Contributors: Jafri, A., Stevenson, J., Kuznar, E. & Canna, S. (NSI, Inc.)
In August of 2018, United States Central Command asked the Strategic Multilayer Assessment Reachback team, How can the United States best increase the resolve and capability of regional actors to get to political reconciliation in Afghanistan? This report highlights the results of NSI’s Interest-Resolve-Capability (I-R-C)™ analysis of Afghanistan stakeholder dynamics.
The I-R-C analysis reveals a stakeholder preference for some kind of stable political settlement (the exception is the ISKP). However, under current conditions, the analysis also suggests that critical stakeholders are divided between two stability outcomes—Enhanced Governance and Brokered Settlement. Sensitivity analyses of stakeholders’ interests ranking reveal that this divide is maintained by the United States as the most resolved and most capable actor in favor of Enhanced Governance over Brokered Settlement. The United States’ preferences were found to be extremely robust; the key factor limiting the United States support of Brokered Settlement is its ongoing, global competition for relative geopolitical influence vis-à-vis China and Russia. For almost all the other actors, a Brokered Settlement is the potential outcome most likely to find broad stakeholder support—or at least avoid direct opposition; besides the United States, those resolved against Brokered Settlement, such as the ISKP and KSA, lack capability to undermine the outcome.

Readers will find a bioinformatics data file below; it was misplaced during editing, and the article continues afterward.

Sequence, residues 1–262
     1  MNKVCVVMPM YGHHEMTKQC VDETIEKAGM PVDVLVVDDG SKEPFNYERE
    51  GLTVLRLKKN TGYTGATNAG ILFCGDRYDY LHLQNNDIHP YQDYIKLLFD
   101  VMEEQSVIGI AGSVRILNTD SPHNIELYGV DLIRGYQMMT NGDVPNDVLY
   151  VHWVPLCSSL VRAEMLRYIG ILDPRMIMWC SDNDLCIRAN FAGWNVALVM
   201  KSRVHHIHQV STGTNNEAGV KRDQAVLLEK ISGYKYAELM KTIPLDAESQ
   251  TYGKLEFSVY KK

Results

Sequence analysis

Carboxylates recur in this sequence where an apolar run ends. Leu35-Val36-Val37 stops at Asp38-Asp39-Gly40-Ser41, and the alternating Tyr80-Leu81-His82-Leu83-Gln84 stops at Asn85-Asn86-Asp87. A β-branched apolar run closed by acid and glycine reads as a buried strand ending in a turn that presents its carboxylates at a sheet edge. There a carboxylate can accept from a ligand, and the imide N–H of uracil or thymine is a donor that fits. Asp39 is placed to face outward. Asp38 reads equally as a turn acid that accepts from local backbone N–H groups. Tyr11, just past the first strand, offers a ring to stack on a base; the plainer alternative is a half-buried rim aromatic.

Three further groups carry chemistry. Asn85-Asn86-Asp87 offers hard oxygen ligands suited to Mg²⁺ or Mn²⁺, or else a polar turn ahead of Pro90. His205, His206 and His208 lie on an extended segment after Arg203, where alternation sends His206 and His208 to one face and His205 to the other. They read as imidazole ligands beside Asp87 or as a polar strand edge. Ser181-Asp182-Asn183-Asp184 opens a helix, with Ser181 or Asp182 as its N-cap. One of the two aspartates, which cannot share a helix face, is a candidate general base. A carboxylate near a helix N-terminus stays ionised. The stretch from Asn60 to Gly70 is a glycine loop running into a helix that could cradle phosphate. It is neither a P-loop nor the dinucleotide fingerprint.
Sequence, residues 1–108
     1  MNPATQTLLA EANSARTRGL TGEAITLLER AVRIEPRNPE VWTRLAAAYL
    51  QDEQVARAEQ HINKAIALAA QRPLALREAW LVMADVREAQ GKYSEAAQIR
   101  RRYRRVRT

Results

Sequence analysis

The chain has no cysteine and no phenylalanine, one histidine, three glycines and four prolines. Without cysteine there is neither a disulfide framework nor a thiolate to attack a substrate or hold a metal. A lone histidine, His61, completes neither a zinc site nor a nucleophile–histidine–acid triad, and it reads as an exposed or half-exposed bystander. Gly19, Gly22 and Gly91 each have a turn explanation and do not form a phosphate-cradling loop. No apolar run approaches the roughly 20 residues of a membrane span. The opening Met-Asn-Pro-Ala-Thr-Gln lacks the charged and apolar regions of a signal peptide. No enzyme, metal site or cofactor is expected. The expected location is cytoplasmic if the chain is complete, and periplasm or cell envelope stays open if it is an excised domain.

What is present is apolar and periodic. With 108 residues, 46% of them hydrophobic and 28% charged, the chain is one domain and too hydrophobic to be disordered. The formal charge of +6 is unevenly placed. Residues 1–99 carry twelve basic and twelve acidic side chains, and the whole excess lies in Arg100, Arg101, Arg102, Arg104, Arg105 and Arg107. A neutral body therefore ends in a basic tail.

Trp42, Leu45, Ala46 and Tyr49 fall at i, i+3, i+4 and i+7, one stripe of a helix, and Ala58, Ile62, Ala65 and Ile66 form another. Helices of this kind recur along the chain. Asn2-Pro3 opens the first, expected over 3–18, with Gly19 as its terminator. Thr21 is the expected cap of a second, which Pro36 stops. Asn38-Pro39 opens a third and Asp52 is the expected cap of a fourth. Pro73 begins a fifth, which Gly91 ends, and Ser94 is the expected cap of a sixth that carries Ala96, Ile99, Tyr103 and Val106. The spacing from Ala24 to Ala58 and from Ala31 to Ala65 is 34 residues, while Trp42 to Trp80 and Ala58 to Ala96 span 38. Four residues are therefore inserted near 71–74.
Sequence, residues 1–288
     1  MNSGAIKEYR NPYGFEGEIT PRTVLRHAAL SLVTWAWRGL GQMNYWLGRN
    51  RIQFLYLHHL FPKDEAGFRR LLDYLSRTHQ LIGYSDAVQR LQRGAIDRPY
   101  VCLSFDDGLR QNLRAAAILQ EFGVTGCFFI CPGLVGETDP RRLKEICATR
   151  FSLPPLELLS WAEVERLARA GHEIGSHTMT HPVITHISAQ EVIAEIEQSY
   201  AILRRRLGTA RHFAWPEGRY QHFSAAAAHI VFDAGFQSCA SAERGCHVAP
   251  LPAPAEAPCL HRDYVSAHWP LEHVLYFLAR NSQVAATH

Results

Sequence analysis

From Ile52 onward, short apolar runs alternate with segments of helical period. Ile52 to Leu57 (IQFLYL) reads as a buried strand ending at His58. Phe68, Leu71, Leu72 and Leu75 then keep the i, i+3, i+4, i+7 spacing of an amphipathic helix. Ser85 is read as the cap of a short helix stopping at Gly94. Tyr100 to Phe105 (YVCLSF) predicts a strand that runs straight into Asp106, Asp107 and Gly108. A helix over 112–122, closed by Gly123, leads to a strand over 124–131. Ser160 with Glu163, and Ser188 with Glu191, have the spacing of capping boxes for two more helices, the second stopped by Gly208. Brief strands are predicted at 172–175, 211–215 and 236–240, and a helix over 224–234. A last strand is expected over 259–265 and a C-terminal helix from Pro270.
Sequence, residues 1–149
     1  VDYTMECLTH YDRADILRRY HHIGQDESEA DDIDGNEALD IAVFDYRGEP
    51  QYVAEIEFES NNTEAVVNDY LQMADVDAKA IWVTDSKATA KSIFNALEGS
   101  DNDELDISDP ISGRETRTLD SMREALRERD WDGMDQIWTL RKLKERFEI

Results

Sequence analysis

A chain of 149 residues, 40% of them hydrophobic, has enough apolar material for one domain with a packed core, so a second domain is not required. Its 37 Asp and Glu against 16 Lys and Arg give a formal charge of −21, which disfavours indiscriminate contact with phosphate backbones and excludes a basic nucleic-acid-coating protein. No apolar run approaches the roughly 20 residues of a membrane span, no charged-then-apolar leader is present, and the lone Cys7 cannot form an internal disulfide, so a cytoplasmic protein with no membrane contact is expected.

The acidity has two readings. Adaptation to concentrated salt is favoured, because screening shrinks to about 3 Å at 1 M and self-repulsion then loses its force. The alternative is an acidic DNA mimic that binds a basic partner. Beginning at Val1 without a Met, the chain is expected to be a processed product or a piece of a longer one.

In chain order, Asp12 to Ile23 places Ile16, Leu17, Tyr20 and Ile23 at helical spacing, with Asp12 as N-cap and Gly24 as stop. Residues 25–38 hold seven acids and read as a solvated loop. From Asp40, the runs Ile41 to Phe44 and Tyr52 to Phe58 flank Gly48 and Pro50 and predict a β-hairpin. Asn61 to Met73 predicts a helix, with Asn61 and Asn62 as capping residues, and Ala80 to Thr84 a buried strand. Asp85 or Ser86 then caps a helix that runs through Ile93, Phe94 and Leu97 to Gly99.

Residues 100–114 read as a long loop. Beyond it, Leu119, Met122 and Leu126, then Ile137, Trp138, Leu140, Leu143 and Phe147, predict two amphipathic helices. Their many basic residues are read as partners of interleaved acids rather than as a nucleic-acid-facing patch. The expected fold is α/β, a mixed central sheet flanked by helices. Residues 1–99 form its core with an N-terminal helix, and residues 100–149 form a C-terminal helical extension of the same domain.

The report concluded that the United States can increase key stakeholder’s resolve in favor of political reconciliation in Afghanistan by prioritizing a Brokered Settlement more than geopolitical influence competition. Our analysis suggests that the United States will still possess high absolute levels of influence capability, though its levels of influence capability relative to Russia and China may be less asymmetrically in its favor. In other words, a cooperative approach which nourishes the rise of other stakeholders’ levels of influence may counter-intuitively better preserve sustainable (and more affordable) options for long-term United States’ influence in the region beyond a two to five-year window.